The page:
Want better heart health, more energy, cancer-fighting aid, and more? We all do.
It may be time to add spirulina.
Spirulina is a tiny algae organism that grows in both fresh and saltwater.
It’s a type of cyanobacteria, often referred to as blue-green algae, and only contains one cell. Like all plants, spirulina is a living, energy-producing source of nutrition.
Here are great reasons to add spirulina, and how to get past the algae taste.
Spirulina is a nutrient-packed food.
In fact, just one tablespoon of spirulina packs 4 grams of highly absorbable protein, 21% daily copper needs, 11% daily iron needs, B-vitamins, magnesium, potassium, and more (1).
All this with just 1.7 grams of net carbs.
What’s more, like many kinds of seafood, spirulina contains omega-3 fats. Every bite of spirulina contains 1.5 grams of omega-3s for every 1.0 grams of omega-6s; which can help you get a good omega-3 to omega-6 ratio each day.
We need antioxidant and anti-inflammatory foods since our bodies are constantly bombarded with free radicals, oxidative damage, and inflammation each day.
Luckily, spirulina fits the bill.
Spirulina contains an active component called phycocyanin, which is an antioxidant that fights free radicals and decreases inflammatory signaling molecules in the body (2).
In animal studies, the antioxidants in spirulina are responsible for playing a protective role against the toxicity induced by metals, insecticides, and more. (3).
If you’re worried about any of these toxicities, add spirulina.
1. Spirulina can reduce bad cholesterol and oxidation of cholesterol in the arteries (oxidation leads to artery-clogging plaques).
Again, the antioxidants in spirulina play a protective role.
Spirulina’s antioxidants effectively reduce lipid oxidants. In fact, in one study in 37 people with Type 2 diabetes, 8 grams of spirulina per day significantly reduced markers of oxidative damage while increasing antioxidant enzymes in the blood (4).
In fact, one study of people with high cholesterol determined 1 gram of spirulina per day lowered triglycerides by 16.3% and “bad” LDL by 10.1% (5).
3. Spirulina can decrease blood pressure.
How? Spirulina increases the production of nitric oxide, similar to beets and a few other vegetables. Nitric oxide causes dilation and relaxation of vessels, reducing blood pressure (8).
Together, these 3 cardiovascular benefits of spirulina make it a super heart-healthy food!
While exercise is also great for your heart, the more you breathe and increase reaction in your body, the more free radicals are generated. Free radicals can cause damage and fatigue.
Spirulina can help.
First, it fights free radicals.
Then, it does even more for athletes. Some studies pointed to improved oxidation of muscles through nitric oxide increased. Two studies have shown that spirulina enhanced endurance, significantly delaying fatigue during exercise (9, 10).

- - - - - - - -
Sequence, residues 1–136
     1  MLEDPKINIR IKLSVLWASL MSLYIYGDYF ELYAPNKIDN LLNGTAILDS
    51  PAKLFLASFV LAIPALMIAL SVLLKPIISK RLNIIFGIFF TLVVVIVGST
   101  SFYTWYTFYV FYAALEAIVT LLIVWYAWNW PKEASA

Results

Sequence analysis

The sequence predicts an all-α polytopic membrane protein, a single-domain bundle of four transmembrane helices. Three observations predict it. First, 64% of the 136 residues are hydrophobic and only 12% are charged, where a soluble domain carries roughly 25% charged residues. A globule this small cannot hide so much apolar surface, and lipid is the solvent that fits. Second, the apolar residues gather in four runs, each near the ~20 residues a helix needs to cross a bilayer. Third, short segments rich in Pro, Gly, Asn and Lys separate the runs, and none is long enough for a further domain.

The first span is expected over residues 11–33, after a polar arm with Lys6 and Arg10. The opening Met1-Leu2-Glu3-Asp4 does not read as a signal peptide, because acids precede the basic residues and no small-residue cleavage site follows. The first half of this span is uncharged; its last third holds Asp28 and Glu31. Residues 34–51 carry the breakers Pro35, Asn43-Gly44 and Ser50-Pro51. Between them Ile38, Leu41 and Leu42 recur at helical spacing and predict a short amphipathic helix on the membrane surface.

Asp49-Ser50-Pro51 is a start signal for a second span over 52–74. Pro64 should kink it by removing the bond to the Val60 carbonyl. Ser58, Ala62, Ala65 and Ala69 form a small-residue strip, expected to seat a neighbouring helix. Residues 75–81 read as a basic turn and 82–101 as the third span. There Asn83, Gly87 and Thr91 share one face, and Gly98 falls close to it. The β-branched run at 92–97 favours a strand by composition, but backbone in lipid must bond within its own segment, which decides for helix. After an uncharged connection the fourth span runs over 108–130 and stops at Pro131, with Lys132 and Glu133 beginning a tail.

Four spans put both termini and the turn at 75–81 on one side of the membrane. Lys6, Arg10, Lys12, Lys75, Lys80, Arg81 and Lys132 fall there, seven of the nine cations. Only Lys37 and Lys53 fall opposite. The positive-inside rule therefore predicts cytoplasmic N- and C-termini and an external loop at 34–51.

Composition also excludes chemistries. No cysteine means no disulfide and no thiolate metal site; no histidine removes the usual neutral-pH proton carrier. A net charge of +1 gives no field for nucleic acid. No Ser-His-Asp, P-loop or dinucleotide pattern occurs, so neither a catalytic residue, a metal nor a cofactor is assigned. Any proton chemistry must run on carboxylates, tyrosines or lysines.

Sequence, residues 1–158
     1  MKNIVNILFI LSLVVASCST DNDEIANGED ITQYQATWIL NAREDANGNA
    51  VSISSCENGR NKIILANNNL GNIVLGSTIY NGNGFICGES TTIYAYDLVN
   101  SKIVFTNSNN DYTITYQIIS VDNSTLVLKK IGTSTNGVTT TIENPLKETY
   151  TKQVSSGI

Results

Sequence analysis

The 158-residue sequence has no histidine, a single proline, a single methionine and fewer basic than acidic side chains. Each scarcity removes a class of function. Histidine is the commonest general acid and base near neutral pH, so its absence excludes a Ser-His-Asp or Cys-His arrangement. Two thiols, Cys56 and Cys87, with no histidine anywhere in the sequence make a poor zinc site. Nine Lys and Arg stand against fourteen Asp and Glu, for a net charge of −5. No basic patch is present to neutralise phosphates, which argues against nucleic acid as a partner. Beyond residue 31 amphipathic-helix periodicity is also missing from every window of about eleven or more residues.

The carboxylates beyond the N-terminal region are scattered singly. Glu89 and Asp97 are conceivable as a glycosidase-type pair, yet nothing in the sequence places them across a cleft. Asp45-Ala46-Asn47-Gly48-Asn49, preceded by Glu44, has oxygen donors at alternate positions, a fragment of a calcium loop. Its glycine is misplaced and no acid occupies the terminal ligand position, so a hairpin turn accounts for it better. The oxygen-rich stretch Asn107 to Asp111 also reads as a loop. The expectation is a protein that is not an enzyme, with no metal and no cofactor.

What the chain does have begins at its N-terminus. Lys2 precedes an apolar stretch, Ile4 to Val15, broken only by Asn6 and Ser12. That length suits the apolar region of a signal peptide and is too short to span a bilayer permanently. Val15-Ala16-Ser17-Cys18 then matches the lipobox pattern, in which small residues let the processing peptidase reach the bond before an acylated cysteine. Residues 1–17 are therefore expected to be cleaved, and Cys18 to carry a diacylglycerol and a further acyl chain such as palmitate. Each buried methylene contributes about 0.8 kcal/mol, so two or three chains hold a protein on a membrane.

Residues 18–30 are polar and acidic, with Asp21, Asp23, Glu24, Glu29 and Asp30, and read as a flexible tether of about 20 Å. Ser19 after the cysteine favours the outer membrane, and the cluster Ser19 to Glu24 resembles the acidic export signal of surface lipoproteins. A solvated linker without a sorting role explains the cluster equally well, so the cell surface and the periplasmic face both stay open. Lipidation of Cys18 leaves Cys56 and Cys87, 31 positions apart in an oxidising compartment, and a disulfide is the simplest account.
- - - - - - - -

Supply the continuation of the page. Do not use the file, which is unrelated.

Like many green living things, spirulina may have anti-cancer properties.
Animal studies have shown spirulina can reduce cancer cell occurrence and tumor size (11).
Another study examined 87 people from India with precancerous oral lesions. Forty-five percent of the participants who took 1 gram of spirulina per day for one year, no longer had the lesions, compared to 7% of the placebo group (12). What’s more, when the participants discontinued spirulina, many of them developed lesions again.
Anemia, a reduction in hemoglobin or red blood cells in the blood, can stop you in your tracks with fatigue and weakness.
Anemia is fairly common in older adults, athletes, vegetarians, and more.
While the exact mechanism is unknown, researchers have found adding spirulina daily improves immune functions and anemia status in older adults with anemia (13).
If you’re allergic to pollen, dust mites, pet dander, or other common allergens, and experience allergic rhinitis (nasal symptoms), spirulina may help.
In fact, a study of over 100 participants with allergic rhinitis found that 2 grams of spirulina per day significantly reduced nasal symptoms (14).
The easiest way to take spirulina is in a supplemental powder, and your best option is Divine Health’s Fermented Green Supremefoods.
With each serving, you’ll get 2 grams spirulina and other amazing greens. What’s more, some of the greens are fermented, significantly increasing their absorption in the body.
And best of all, it tastes good. One of the toughest parts about taking spirulina consistently is the taste – adding Fermented Green Supremefoods to smoothie recipes makes it easy.
And, here are more recipes you can use with it!
Spirulina is convincingly great for you. The hardest part is taking it in a form that’s easy and tastes good. Try Divine Health’s Fermented Green Supremefooods. You’ll add spirulina, plus other great fermented foods to improve your health, energy, and well-being!